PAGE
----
Applying to American Grad Schools with an Australian Engineering Background

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Crawford95
Posts: 1
Joined: Wed Dec 18, 2019 10:50 pm

Applying to American Grad Schools with an Australian Engineering Background

Post by Crawford95 » Wed Dec 18, 2019 10:59 pm

Hi all!

I'm an Australian student who has previously completed a Master of Professional Engineering (specialising in Chemical Engineering), however I ended up returning to university (at the University of Western Australia) to complete my Graduate Diploma in Physics. I'm hoping to pursue a PhD in Physics at an American University, but before I get my hopes up, I wanted to check my eligibility to enter the programs.

Would anyone know if I would be able to be accepted with my Masters in Engineering, or should my degree relate to Physics only? (The Grad Dip is to boost my Physics knowledge before going into grad school!) On top of that, is research experience (especially publications) necessary/recommended for applications? I'm currently doing some Summer Research programs in an effort to boost my research experience.

If anyone's got any experience applying from Australia, I'd be interested to hear your experiences with the system.

Cheers!

geekusprimus
Posts: 65
Joined: Sat Jun 08, 2019 1:10 pm

Re: Applying to American Grad Schools with an Australian Engineering Background

Post by geekusprimus » Thu Dec 19, 2019 1:44 am

Very nearly every American university will allow you to apply for a physics PhD program without a physics undergrad, but you'll need to otherwise prove that you're up to the challenge. The things that will help the most with that are participating in physics-heavy research (any other research you've done isn't useless, but physics-related research, especially with publications, looks especially good); making sure you've had courses in upper-level undergraduate classical mechanics, thermal physics, E&M, and quantum mechanics; doing well on the physics GRE, which will go a long way toward showing the admissions committee that you're not only willing but able to keep up with the other physics students; and getting solid letters of recommendation from physicists.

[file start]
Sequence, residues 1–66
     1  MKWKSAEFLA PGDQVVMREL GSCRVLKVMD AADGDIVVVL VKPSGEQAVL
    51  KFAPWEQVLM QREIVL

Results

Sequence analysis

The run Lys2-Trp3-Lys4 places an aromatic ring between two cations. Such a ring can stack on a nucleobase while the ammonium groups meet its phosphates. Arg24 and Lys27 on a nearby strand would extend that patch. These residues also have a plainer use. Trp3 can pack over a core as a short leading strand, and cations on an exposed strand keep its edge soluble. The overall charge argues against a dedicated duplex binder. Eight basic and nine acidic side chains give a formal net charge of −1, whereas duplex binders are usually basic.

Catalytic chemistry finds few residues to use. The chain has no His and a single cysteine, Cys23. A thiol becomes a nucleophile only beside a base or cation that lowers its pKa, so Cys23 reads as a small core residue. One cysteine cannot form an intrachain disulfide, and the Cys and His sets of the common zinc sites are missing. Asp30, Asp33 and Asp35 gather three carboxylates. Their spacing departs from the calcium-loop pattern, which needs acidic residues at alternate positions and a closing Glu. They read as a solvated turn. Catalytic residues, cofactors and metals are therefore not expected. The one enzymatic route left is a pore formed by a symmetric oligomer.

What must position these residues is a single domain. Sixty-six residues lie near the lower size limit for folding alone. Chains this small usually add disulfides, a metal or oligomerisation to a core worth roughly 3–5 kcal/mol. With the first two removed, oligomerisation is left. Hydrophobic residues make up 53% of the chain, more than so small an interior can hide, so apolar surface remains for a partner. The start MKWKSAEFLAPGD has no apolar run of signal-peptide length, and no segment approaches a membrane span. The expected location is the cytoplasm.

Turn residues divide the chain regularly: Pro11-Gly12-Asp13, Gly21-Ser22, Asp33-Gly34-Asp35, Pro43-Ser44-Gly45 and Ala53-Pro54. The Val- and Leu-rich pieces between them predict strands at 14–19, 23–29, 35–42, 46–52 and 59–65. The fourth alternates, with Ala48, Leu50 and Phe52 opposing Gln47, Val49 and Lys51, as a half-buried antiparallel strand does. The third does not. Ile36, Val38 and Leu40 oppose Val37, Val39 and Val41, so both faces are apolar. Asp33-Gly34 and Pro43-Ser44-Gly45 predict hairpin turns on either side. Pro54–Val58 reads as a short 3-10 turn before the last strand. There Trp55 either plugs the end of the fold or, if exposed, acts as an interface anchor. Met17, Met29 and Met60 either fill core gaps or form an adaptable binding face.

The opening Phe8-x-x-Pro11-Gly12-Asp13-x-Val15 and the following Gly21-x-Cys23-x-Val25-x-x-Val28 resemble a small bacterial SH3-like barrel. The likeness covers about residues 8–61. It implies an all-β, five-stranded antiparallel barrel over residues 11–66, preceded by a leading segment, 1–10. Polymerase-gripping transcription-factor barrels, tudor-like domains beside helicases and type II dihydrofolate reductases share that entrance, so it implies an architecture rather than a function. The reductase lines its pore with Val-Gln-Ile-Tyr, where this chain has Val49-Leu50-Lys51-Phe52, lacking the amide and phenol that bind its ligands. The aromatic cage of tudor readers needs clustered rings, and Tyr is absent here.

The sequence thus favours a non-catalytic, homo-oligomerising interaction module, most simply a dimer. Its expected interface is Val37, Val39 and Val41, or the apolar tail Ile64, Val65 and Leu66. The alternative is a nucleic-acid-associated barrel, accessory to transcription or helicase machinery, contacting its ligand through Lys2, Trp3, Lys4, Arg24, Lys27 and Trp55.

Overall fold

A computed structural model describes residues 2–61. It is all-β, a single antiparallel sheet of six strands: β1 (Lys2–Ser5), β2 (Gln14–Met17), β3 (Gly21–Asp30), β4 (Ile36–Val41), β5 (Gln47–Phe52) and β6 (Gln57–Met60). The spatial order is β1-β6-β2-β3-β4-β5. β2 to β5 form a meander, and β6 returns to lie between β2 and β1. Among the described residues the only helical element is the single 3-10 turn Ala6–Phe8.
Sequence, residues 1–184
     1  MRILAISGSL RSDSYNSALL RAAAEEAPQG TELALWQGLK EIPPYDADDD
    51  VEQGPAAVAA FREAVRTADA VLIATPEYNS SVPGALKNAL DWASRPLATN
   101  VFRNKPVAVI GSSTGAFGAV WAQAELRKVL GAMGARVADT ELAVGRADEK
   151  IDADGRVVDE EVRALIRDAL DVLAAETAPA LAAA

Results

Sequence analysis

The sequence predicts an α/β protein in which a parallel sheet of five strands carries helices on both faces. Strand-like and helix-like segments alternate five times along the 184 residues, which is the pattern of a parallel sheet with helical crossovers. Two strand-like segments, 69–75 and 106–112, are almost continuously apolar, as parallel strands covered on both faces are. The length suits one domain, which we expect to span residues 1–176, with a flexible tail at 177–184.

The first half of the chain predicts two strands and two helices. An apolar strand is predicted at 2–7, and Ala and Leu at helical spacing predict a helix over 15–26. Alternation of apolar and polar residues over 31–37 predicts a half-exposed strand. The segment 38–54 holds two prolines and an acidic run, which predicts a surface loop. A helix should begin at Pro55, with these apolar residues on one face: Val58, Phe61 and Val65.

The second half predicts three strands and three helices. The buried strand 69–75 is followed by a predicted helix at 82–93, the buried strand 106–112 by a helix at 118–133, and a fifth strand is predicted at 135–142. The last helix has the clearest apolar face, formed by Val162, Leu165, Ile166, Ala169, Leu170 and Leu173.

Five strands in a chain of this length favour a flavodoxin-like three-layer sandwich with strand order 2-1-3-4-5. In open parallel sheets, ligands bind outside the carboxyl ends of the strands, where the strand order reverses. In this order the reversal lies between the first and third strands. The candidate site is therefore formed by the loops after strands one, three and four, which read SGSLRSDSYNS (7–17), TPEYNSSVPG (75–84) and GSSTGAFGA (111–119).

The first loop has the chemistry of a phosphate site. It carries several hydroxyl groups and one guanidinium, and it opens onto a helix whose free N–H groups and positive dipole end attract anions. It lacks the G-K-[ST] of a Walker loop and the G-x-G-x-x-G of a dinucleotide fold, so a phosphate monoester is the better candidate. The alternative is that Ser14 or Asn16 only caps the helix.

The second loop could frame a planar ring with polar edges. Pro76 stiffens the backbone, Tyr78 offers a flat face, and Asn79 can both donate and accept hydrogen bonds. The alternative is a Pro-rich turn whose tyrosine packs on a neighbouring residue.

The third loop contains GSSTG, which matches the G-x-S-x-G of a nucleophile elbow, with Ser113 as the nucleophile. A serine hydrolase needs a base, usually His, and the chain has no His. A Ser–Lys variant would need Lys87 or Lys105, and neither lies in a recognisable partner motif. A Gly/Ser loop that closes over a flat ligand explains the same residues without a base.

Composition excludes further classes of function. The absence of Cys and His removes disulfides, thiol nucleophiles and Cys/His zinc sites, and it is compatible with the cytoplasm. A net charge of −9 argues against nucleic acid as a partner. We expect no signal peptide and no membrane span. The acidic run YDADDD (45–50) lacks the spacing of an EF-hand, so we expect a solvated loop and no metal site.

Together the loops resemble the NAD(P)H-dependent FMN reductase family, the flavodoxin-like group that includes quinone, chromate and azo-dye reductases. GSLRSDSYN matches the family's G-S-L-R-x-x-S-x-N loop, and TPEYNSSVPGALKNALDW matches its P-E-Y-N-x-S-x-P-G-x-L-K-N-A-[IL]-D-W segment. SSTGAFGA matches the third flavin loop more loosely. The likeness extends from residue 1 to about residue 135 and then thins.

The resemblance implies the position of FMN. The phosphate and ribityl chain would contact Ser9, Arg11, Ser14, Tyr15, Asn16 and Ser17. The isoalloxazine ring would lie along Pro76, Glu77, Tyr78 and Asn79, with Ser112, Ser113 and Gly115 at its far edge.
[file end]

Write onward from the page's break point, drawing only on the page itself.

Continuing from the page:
Basically, it's possible, and there are a fair number of people who do it, but it will require a little bit of extra work on your part. In order of importance, I'd say it's usually something like recommendations, then research, coursework, and the GRE. Your own statement of purpose is important, too (almost certainly more important than the GRE, and possibly more important than the coursework), but if you can beef up your research credentials and take the necessary coursework (some of which may have been covered by your graduate diploma), writing a good SOP is basically reduced to taking the time to write a quality letter to the admissions committee rather than trying to cover up shortcomings in your admissions profile.

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Nishikata
Posts: 218
Joined: Sun Sep 23, 2018 6:37 am

Re: Applying to American Grad Schools with an Australian Engineering Background

Post by Nishikata » Thu Dec 19, 2019 4:20 am

I think Engineering is still alright. STEM field would be considered a related field in physics.
If you apply with a humanities or fine arts degree that will be a problem :D



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